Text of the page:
But the next morning, I set about creating a new gingerbread recipe, packed with cinnamon, ginger and cloves, the sort of heavenly, holiday spices sure to help bolster my spirits. Something about the process of baking, my apron dusted with flour, always seems to cheer me up. Maybe it helps to fill a little bit of that void. At the very least, it’s hard to accurately measure baking ingredients while teary, so maybe the process is just a good distraction.
This gingerbread muffin recipe starts out loosely-based on my one-bowl dark chocolate banana muffins, but deviates a bit, incorporating deeply-flavored molasses and loads of cinnamon and ginger in lieu of the cocoa. The result is a moist, flavorful muffin that beams with holiday spice, a hint of orange, and makes a hearty winter breakfast treat. I didn’t here, but I think you could also add some chocolate chips to the batter to make the mix that much more excessive and fabulous. Or, you can drench the muffin tops in a maple glaze – akin to a baked gingerbread doughnut – for an even more indulgent sweet.
- 1/2 cup (1 small/medium) very ripe banana, mashed
- 1 large egg
- 1 tsp pure vanilla extract
- zest of half an orange (optional)
- 1-1/2 tsp ground cinnamon
- 1 tsp ground ginger
- 1/2 tsp ground cloves
- 1/4 tsp ground nutmeg
- 1/2 tsp fine-grain sea salt
- 1/2 cup canola or vegetable oil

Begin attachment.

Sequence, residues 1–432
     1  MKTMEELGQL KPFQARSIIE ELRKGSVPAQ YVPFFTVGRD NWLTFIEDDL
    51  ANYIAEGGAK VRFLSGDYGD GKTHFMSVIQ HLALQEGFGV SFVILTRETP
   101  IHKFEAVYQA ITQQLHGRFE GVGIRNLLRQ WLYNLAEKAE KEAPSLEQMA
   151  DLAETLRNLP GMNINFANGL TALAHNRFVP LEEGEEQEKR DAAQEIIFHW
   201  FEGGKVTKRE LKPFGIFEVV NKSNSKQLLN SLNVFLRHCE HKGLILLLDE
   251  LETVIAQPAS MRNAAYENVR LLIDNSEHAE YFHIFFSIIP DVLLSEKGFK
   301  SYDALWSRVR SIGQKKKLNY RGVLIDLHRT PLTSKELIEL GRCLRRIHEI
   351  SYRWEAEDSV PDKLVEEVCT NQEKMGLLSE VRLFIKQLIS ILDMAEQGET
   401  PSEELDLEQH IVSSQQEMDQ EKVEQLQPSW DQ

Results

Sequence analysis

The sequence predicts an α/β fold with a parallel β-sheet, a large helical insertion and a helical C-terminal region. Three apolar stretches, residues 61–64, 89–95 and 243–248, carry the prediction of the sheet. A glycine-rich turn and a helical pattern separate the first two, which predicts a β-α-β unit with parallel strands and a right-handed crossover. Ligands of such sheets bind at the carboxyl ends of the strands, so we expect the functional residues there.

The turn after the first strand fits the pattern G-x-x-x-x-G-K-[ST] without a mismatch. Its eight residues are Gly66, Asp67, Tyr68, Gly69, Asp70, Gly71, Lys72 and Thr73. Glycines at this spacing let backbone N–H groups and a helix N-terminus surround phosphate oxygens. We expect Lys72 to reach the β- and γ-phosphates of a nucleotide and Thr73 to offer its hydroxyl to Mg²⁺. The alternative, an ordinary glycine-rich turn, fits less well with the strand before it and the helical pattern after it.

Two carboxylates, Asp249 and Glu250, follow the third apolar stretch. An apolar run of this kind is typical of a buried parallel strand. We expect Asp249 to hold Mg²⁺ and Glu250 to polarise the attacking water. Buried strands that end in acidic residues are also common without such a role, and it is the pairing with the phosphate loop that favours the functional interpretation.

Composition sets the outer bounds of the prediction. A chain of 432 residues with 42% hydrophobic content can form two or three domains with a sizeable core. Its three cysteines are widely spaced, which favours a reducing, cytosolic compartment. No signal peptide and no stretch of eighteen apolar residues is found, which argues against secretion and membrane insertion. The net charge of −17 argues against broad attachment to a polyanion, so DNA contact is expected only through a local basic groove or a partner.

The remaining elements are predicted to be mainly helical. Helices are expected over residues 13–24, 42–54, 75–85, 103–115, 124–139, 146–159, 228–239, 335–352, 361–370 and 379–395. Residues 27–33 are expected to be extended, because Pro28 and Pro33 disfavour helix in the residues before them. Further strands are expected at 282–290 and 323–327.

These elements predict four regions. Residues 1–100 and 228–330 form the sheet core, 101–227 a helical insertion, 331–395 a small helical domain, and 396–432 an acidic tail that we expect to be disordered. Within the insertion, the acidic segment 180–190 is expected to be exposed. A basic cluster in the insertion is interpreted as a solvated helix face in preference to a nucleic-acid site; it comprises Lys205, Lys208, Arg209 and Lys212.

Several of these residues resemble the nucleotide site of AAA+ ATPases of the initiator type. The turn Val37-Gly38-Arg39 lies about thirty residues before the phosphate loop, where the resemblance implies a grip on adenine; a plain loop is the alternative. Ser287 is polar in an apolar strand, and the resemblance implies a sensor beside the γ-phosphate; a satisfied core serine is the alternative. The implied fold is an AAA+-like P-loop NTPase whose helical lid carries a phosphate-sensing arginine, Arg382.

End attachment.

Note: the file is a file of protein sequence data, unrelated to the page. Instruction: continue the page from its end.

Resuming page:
- 1/3 cup molasses
- 1/3 cup unsweetened almond milk (or sub 2% dairy milk)
- 1/3 cup granulated sugar
- 1/3 cup dark brown sugar
- 1 tsp baking powder
- 1/2 tsp baking soda
- 2-1/4 cups all-purpose flour
- 1 cup powdered sugar, sifted
- 1-2 Tbsp milk
- 1 Tbsp pure maple syrup
- 1 tsp pure vanilla extract
- Preheat the oven to 400 degrees F. Line a 12-cup muffin pan with paper liners or lightly grease with butter or non-stick cooking spray. Set aside.
- In a large mixing bowl, use the back of a fork to mash the banana together with the egg until completely combined and only small lumps remain. Use a spatula to stir in the vanilla, orange zest, spices and salt.
- Add the oil, molasses and milk, stirring until completely combined between each addition. Add the sugars and stir to combine. Add the baking powder and baking soda and stir to combine. Fold in the flour until just mixed. Do not overbeat.
- Use a cookie scoop to divide the batter evenly between the muffin cups, about 3/4 full.
- Bake for 10 minutes at 400 degrees F. Turn the oven temperature down to 375 degrees F., turn the muffin pan around, and bake for an additional 7-9 minutes until the muffin tops are set and a cake tester inserted into the center of the muffins comes out clean. Let cool in the muffin tins for 5 minutes, then transfer to a baking rack to cool completely. Serve warm or at room-temperature.
- In a small bowl, stir together the powdered sugar and milk until the glaze is smooth and creamy. Add more or less milk to create a thicker/thinner consistency if preferred. Stir in the maple syrup and vanilla.
- If Glazing: While the muffins are still warm, dip the tops of each in the glaze, then place on a baking rack to cool/harden.
- If Frosting: Wait for the muffins to fully cool, then use a knife or small offset spatula to spread on frosting.